30 Compartment Syndrome Open or Closed Fractures Fixed Compartment Tissue edema and bleedingBlood flow impededCapillariesArteriolesFactors effecting tissue necrosisAmount of PressureDuration of increased pressureSensitivity of the tissue to ischemiaOne of the most common disorders of the muscular system frequently seen in the critical care is compartment syndrome. Compartment syndrome is often the result of trauma. It can occur with both open and closed fractures due to increased pressure within a fixed compartment. Following trauma, tissue edema and bleeding occur around the site of injury. If the pressure is too high, the capillaries and arterioles become compressed, unable to expand and deliver blood to the surrounding tissues. With compartment syndrome, the amount of tissue necrosis is dependent on several factors, including the amount of pressure in the compartment, the duration of the elevated pressure, and the sensitivity of that tissue to ischemia.Right Buttock Compartment Syndromecasesjournal.com/content/figures/ gif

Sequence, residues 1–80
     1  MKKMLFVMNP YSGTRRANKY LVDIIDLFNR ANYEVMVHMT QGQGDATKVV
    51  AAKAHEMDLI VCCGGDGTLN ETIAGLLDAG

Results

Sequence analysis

31 Compartment Syndrome Tissue Ischemia Nervous tissue Muscle Functional abnormalities after 30 minutesIrreversible damage after 12 to 24 hoursMuscleFunctional abnormalities after 2 to 4 hoursIrreversible damage after 4 to 12 hoursIncreased capillary permeability -> EdemaNecrotic MuscleTissues have different sensitivities and tolerance for ischemia. Nervous tissue is relatively tolerant with functional abnormalities developing after 30 minutes of ischemia but not progressing to irreversible damage until after 12 to 24. In contrast, muscle does not start to develop functional abnormalities until 2 to 4 hours after the onset of ischemia. However irreversible necrosis develops after only 4 to 12 hours of ischemia. As the compartment syndrome continues to progress and capillaries become more permeable, edema within the compartment continues to increase, accelerating the rate of tissue necrosis.